Spending Moratorium

I did something insane. It didn’t seem insane at the time. But as I sit here today, it sure feels crazy.

Toward the end of May, I decided to enact a three month spending moratorium on a single category: Discretionary. My Discretionary category covers art supplies, books, entertainment, etc.

I guess I didn’t realize that three months was 90 whole days when I made this pledge. Insane, right?

But not really. Probably incredibly sane. Here’s why.

Why Do This?

I am like a racehorse waiting at the gate every single month. Come the first of the month, the adrenaline courses through me and I spend the entire category’s worth within days, and usually on some new arts and crafts idea I wanted to try. I rarely spend it on anything else. If you are a craftsy person, you know how much you can spend just on glitter! Gratefully, I decided early on in my creativity journey (which began in Recovery, thankfully), that I would NOT become a scrapbooker for that very reason!

OH MY LORD, going to the local crafts store often made me breathless and nearly faint with desire. And the irony is that I always end up coming back to my two tried and true activities. So there are lots of unused supplies lying around. Or given away.

What I’m trying to say is that, well, spending my discretionary money wasn’t exactly a peaceful experience. Every month became like that. After I’d spend it all, I’d start making a list of what I wanted the next month. I was willing to wait. But sometime around the 28th (OK, the 25th), I’d start chomping at the bit.

For some people, it’s clothing, medical, or food. For me, it was really art supplies and other creative stuff. I can accumulate clothing money for months without pain. But when it comes to books, tapes, art supplies, musical instruments, I have that gnawing pain of wanting it so badly I think I will die if I don’t buy it.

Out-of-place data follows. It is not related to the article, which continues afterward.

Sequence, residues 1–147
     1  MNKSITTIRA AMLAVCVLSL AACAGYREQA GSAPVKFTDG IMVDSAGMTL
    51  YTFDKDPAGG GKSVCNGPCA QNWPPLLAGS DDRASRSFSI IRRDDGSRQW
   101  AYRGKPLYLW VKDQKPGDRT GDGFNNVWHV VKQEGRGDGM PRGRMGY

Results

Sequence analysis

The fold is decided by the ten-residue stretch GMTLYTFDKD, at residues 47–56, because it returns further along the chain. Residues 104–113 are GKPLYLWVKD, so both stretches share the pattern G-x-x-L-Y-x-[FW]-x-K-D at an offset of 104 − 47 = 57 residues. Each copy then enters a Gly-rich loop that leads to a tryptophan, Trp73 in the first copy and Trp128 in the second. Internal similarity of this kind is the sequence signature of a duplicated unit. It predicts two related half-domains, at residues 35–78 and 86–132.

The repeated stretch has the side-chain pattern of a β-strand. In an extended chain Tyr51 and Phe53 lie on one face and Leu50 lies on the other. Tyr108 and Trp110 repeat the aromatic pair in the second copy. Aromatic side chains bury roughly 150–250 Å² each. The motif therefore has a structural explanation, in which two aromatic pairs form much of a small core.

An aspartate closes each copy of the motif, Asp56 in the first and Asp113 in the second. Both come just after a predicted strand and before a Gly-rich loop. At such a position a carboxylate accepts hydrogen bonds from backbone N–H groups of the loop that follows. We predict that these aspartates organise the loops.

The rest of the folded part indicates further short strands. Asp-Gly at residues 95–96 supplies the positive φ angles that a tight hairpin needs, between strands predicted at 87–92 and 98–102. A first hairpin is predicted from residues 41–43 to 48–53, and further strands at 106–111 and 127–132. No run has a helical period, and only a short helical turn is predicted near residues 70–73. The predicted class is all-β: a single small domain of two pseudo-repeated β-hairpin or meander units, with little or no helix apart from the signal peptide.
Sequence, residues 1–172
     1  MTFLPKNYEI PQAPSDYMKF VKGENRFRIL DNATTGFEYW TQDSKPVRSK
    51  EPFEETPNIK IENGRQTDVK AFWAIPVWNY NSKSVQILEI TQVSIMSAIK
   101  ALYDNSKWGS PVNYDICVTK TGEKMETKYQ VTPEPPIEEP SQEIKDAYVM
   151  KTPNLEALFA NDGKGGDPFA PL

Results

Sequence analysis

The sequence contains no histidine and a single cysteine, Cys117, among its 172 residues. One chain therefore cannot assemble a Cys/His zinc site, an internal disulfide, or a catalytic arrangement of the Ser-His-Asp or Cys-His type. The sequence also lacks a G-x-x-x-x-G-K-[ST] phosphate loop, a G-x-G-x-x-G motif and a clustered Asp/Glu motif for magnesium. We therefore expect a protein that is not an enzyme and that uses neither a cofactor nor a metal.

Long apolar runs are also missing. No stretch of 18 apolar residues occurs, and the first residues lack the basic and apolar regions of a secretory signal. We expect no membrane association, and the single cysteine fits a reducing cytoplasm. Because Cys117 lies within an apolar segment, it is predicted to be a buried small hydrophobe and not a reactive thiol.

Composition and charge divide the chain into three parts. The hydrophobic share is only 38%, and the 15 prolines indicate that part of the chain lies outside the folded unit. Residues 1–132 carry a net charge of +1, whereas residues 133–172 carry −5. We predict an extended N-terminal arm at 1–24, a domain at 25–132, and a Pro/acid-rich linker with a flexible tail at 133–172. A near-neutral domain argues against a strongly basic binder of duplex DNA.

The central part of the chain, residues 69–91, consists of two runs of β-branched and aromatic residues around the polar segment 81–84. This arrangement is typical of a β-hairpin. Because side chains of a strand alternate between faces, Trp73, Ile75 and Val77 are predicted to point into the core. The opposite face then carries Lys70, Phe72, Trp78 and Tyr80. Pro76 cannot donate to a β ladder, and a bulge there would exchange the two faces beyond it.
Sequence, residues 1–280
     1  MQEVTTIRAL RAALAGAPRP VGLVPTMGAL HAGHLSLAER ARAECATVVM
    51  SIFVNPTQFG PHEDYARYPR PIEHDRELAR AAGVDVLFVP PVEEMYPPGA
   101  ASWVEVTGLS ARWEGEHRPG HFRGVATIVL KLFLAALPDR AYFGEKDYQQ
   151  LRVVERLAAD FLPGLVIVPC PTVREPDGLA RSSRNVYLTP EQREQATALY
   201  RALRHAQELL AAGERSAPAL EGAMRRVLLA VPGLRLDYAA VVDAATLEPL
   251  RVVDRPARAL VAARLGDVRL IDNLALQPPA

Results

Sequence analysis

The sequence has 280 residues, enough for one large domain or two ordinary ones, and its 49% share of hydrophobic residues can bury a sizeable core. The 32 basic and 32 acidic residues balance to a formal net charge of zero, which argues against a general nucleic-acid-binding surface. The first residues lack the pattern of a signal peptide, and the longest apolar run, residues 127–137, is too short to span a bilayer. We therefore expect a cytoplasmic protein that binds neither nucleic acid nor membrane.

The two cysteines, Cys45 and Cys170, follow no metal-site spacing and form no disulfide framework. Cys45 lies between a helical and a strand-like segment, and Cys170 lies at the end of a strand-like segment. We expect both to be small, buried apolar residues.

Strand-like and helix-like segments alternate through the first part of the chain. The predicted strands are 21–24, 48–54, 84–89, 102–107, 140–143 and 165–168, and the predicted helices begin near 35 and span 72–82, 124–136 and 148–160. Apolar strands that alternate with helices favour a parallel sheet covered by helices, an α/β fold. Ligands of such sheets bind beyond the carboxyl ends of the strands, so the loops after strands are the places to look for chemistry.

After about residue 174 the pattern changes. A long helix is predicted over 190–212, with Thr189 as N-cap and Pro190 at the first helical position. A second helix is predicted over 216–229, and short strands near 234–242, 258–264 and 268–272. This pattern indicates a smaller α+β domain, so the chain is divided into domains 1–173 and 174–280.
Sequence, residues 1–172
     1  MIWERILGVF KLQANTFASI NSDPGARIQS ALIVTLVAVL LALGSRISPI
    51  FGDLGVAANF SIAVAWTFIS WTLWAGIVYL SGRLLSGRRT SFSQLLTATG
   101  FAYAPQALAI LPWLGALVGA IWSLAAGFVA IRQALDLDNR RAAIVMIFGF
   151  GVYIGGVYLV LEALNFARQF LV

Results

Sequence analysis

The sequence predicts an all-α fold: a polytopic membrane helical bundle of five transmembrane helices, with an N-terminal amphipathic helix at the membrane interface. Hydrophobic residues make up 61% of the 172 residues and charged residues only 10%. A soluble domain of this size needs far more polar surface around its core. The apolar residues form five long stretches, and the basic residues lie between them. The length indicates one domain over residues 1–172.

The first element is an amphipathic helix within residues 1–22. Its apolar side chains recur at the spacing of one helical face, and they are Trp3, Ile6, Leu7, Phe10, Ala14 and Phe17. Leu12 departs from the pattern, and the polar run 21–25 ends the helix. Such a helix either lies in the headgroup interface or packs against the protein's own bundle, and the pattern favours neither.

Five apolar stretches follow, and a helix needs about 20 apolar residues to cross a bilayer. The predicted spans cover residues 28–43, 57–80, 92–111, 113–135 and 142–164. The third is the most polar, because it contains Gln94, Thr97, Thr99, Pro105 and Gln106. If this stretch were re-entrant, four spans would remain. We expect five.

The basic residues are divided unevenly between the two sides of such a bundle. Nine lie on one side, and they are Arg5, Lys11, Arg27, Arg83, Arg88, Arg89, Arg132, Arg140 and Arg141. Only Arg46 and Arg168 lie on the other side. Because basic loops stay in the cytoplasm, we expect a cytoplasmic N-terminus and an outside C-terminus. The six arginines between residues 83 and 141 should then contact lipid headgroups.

I’ve written a lot about that pain in this blog, but usually regarding my pre-DA HOW days when I was binging. Now here I was, abstinent, yet I was behaving compulsively when buying out of this one category. In recovery, this is not a comfortable feeling.

Delayed Gratification

I’ve become used to delaying gratification for a day or two (and even had delays of months on one specific item). But three months for all discretionary items? WHEW!

I know two people who had completed a three month moratorium on their Clothing category. They said that it was the best thing they ever did, and at the end of it, they didn’t even want to use the money. The compulsion was gone.

That was music to my ears.

So, I said, “Count me in.”

Update on Day 72

Here I am on day 72 (plus those extra days, though I don’t know exactly how many there are! AAARRRGGGHHH!). And I want to let you know how it has gone so far.

The first of the month comes and goes and it’s just another day. I love the fact that I’m not in adrenaline overload at the beginning of the month.

I have spent way too much time making “the list” of what I’m going to buy when it’s over. Unfortunately, I’m not going to be one of those who says they don’t want to buy anything at the end of this. Wish I were, but it’s progress, not perfection. I’m disappointed in my character defect, but the fact is, I’m still abstinent and working on being more sober with the idea of discretionary spending.